It was 3:00pm, Saturday, September 10, 1997 when our flight left for Bejiing, China from London, my home. I remember the time so clearly because I was glad that I wouldn't be missing an Arsenal game that day. And so there it was, I was leaving home, at the age of 13, and I've now spent the last five years here. It's not easy to be an Arsenal fan abroad, especially when most of the people you live with don't care about the game, let alone Arsenal. Most people thought that living so far from London, my passion for Arsenal would dull and that the club would become a long forgotten memory. Not so.
For the first four years I was reliant on a sketchy internet feed with a post-match report, and the odd Chinese progam that would show unreliable and unscheduled scattered highlights. Eventually I tapped into a channel that passed one game, once a week, in Chinese from anywhere in England. It was during these days that Nick Anelka was running the show, and I was fortunate to watch the dismal showing of Newcastle in the FA Cup Final that year. As for the championship celebrations? You must be kidding.
Two years ago China allowed me to pick up the radio signal to 'Radio Arsenal'. (BBC is still blocked by the government) And so for all of last year I found myself rooted to the computer screen listening to broken commentary due to the bad connection. Frustrating though it was, I was that much closer to the lads. This year though, things changed.
ESPN Asia decided that they would show the Premiership, and show it they have. It's provided some interesting conflicts of interest, but it's been brilliant. There has been five games a week shown live, four more on delay, and a show three times a week with highlights and previews of the next games - lovely. Arsenal have played many many games this year and I've seen almost all of them, but not without cost. I've missed countless nights out with friends to watch Arsenal at 10pm, but many more nights sleep for the other ones. Every Champions League game has been shown this year, at the appalling hour of 2:45am. Did it matter? Not at all. Every other wednesday for many weeks I got myself out of bed to watch Arsenal destroy Juventus, Bayer, and countless others, and the subsequent heartbreak of Juventus and Deportivo. No matter though, I was there. I shared the joy, the tears, the emotional rollercoaster that is being an Arsenal fan. I was there at 4:30am when Ian Harte inflicted one of our three defeats. Also when we were mugged by Newcastle, but there too when we turned over Spurs at Highbury and of course, when we went to Old Trafford and won it there. I even got on Asia-wide TV as an Arsenal fan with a question for the panel of Football Focus, the highlight show. It's been great to see so much of the team, but I've done it at the expense of my sleep, and health. No matter. Even the threat of a final exam couldn't stop me from getting up on May, 8th. Nothing could.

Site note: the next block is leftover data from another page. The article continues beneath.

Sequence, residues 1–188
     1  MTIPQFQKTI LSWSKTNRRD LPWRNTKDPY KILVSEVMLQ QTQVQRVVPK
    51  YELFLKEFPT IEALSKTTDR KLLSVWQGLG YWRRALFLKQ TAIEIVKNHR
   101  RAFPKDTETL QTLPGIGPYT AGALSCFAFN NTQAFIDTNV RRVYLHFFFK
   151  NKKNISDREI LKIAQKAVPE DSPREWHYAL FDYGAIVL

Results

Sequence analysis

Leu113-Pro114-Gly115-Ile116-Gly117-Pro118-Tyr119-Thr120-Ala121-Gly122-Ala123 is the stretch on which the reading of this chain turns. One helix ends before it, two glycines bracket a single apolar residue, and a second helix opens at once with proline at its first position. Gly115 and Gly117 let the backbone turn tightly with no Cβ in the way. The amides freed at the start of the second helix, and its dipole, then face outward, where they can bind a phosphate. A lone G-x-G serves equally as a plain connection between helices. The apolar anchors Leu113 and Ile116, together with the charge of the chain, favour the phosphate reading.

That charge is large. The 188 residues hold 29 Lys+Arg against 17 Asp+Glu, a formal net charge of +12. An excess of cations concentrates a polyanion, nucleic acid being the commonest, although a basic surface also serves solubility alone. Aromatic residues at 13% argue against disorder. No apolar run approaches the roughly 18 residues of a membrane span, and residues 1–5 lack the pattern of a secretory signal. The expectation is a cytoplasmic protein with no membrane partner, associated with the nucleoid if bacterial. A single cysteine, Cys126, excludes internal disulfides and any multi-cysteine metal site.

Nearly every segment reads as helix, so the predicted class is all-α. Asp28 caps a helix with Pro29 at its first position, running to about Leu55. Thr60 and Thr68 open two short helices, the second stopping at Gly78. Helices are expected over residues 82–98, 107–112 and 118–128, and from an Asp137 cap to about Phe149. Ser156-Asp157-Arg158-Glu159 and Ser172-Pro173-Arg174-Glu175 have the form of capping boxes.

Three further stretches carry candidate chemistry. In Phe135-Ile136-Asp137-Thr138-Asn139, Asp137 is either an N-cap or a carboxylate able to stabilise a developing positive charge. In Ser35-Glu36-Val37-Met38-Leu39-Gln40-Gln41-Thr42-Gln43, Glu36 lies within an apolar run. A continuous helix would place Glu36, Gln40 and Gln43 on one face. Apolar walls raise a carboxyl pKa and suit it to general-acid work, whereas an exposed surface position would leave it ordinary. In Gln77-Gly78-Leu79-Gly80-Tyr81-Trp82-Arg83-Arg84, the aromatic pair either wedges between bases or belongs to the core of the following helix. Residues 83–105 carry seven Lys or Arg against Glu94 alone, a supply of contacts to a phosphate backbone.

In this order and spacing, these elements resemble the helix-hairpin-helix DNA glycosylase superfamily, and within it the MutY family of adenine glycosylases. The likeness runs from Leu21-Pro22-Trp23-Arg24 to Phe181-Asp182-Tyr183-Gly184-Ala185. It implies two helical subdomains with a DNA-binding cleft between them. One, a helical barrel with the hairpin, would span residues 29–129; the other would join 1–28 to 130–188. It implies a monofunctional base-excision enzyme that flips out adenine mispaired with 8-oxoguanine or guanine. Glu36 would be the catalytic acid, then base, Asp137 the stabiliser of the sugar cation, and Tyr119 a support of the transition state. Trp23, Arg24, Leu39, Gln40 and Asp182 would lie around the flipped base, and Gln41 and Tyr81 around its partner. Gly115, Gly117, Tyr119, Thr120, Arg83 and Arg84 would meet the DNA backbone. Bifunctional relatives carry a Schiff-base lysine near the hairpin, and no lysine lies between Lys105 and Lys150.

But with the end of the season (of course I watched the lifting of both trophies) comes the end of an era. I'm off to the US for college now. I'm not returning home for University, but I hope to make a guest appearance in Cardiff this year for the Charity Shield. I was at Wembley for the last one. 3-0 anyone? After that it'll be off to another land of the uneducated, where fans are scarce and Gunners are extinct. And it'll be back to the match reports, the sketchy radio and perhaps the odd news report. Will it matter? Not a bit. It didn't matter in China, and it won't matter in the US. Passion doesn't dull, intensity doesn't drop and love doesn't wane - not when you're following the Arsenal, no matter where you live.